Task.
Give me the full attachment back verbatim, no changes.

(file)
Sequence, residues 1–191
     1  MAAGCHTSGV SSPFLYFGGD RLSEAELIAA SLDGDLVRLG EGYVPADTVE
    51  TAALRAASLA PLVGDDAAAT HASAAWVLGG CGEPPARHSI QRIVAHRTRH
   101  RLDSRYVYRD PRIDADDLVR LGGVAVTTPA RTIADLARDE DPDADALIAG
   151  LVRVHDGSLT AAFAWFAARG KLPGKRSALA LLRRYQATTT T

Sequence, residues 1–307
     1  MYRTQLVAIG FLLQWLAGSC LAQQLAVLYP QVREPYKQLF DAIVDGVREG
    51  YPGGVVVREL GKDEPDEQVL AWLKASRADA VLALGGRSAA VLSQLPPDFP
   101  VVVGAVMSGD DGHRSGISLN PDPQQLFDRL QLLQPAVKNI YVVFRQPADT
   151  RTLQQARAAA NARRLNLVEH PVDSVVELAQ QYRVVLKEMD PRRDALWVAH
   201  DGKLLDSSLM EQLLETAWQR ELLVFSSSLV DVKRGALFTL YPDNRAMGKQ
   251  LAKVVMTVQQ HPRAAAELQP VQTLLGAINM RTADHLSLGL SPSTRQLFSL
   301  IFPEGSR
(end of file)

Sequence, residues 1–191
     1  MAAGCHTSGV SSPFLYFGGD RLSEAELIAA SLDGDLVRLG EGYVPADTVE
    51  TAALRAASLA PLVGDDAAAT HASAAWVLGG CGEPPARHSI QRIVAHRTRH
   101  RLDSRYVYRD PRIDADDLVR LGGVAVTTPA RTIADLARDE DPDADALIAG
   151  LVRVHDGSLT AAFAWFAARG KLPGKRSALA LLRRYQATTT T

Sequence, residues 1–307
     1  MYRTQLVAIG FLLQWLAGSC LAQQLAVLYP QVREPYKQLF DAIVDGVREG
    51  YPGGVVVREL GKDEPDEQVL AWLKASRADA VLALGGRSAA VLSQLPPDFP
   101  VVVGAVMSGD DGHRSGISLN PDPQQLFDRL QLLQPAVKNI YVVFRQPADT
   151  RTLQQARAAA NARRLNLVEH PVDSVVELAQ QYRVVLKEMD PRRDALWVAH
   201  DGKLLDSSLM EQLLETAWQR ELLVFSSSLV DVKRGALFTL YPDNRAMGKQ
   251  LAKVVMTVQQ HPRAAAELQP VQTLLGAINM RTADHLSLGL SPSTRQLFSL
   301  IFPEGSR